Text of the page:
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Wahenges farm

Wahenges farm


Isolated in the midst of the Brabant plateau, Wahenges farm stands out amid the countryside with its white quadrilateral buildings. This fertile site was home in particular to a Gallo-Roman villa and in the 12th century, according to the archives, a farm associated with Averbode abbey. After the destruction wrought by the wars of the 17th century, the buildings were rebuilt from 1718 to 1784 to form a coherent group around a central courtyard. This concern for consistency included both function and materials: lime-washed buildings in brick and Gobertange sandstone and limestone with slate roofs. 

The largest building, to the south, is a long barn, built in 1718. A smaller hayloft, dating from 1769, extends the barn to the east. The south-west and north-west wings are occupied by cowsheds built between 1718 and 1729 and in 1784.  A dovecote dominates the entry porch, dated "1724", while in 1729, the quadrilateral was completed by an accommodation building. This has been enlarged and renovated on several occasions: added in 1742 was a chapel dedicated to St Nicolas adjoining the rear of the building, itself extended from 1832-50. In 1816, it was redecorated in the taste of the day, including wallpaper from the Züber workshops in France. A private property since the Church's possessions were secularised in 1795, this farm is one of the finest examples of rural architecture in Hesbaye.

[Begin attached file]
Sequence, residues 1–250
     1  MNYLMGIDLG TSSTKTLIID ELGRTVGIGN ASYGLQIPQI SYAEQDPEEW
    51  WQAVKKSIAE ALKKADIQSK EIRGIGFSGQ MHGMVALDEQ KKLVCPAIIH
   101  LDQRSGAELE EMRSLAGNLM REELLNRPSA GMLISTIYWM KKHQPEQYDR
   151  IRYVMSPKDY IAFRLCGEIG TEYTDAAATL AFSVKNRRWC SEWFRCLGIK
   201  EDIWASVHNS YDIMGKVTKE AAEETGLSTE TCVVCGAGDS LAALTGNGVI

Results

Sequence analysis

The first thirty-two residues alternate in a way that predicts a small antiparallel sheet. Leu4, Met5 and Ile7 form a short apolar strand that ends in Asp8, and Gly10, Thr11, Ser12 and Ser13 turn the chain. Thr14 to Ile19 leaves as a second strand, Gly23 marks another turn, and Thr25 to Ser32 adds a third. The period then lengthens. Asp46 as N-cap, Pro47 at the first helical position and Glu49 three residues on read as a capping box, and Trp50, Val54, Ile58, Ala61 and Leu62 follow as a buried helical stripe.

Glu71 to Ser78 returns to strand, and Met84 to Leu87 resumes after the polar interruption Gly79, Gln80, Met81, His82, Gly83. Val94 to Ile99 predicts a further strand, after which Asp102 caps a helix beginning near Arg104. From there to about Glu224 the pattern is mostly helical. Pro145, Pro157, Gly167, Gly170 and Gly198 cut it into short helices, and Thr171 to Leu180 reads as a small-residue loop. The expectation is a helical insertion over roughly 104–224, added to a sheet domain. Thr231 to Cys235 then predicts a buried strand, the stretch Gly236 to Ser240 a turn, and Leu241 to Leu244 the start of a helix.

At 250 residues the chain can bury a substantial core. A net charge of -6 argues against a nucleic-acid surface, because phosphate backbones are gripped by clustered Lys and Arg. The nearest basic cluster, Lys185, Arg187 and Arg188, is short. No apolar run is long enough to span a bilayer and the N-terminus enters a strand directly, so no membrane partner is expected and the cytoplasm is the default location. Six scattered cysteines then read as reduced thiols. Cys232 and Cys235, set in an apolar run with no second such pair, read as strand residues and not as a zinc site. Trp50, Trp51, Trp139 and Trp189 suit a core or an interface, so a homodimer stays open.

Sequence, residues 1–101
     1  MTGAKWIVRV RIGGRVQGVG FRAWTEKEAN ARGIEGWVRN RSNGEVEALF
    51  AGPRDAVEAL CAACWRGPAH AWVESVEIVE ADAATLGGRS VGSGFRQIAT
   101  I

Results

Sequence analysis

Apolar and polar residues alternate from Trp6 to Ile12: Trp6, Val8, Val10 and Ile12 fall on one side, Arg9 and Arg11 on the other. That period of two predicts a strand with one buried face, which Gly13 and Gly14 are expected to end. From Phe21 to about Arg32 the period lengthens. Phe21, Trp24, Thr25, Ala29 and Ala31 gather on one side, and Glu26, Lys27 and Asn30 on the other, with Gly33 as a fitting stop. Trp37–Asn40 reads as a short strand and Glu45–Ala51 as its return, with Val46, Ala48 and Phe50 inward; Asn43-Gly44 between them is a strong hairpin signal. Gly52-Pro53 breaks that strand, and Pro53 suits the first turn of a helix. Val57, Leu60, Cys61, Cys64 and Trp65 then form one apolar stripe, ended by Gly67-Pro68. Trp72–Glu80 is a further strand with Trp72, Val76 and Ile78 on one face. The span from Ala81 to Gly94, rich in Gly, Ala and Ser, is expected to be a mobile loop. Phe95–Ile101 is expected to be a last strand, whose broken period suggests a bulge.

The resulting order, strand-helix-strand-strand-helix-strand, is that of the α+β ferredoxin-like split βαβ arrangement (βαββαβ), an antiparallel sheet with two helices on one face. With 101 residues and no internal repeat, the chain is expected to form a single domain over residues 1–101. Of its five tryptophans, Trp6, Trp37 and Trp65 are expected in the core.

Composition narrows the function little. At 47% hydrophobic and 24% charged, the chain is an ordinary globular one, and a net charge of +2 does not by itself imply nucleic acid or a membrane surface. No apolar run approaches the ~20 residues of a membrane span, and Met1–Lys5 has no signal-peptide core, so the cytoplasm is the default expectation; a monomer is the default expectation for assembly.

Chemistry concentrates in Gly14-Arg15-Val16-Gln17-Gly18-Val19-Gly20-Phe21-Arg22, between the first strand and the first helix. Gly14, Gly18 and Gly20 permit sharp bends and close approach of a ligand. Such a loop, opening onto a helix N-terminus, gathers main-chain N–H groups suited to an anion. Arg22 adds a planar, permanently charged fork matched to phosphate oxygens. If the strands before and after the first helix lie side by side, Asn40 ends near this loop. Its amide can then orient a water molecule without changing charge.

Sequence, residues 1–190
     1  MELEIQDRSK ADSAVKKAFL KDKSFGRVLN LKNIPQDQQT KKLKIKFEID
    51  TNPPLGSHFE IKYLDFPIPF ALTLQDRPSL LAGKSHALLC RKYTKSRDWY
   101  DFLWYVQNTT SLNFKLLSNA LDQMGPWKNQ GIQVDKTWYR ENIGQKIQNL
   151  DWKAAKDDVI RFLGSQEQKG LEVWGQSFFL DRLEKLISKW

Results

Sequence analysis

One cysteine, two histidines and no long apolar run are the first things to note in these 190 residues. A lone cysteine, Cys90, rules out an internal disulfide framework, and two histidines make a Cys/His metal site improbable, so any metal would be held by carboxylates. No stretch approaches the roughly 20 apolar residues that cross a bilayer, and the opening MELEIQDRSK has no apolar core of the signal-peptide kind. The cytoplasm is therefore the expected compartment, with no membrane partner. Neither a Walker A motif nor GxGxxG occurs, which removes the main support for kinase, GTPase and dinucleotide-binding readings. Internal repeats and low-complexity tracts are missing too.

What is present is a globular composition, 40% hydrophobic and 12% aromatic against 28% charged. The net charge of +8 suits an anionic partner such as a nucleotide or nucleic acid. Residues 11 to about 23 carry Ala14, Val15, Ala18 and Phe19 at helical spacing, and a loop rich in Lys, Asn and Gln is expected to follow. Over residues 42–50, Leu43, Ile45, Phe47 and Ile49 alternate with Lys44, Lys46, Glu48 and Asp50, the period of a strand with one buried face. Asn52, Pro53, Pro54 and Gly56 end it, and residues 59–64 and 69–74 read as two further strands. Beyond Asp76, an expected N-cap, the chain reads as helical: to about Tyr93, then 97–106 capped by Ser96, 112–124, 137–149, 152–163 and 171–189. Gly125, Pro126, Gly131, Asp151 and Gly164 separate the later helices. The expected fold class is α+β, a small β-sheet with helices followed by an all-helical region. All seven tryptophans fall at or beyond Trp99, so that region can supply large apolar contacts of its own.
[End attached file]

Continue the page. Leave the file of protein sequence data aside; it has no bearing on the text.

Listed: 26-09-1994

Exceptional heritage site of Wallonia


Infos techniques

Lat : 50.7678324Lng : 4.7929138
0 m
4 years

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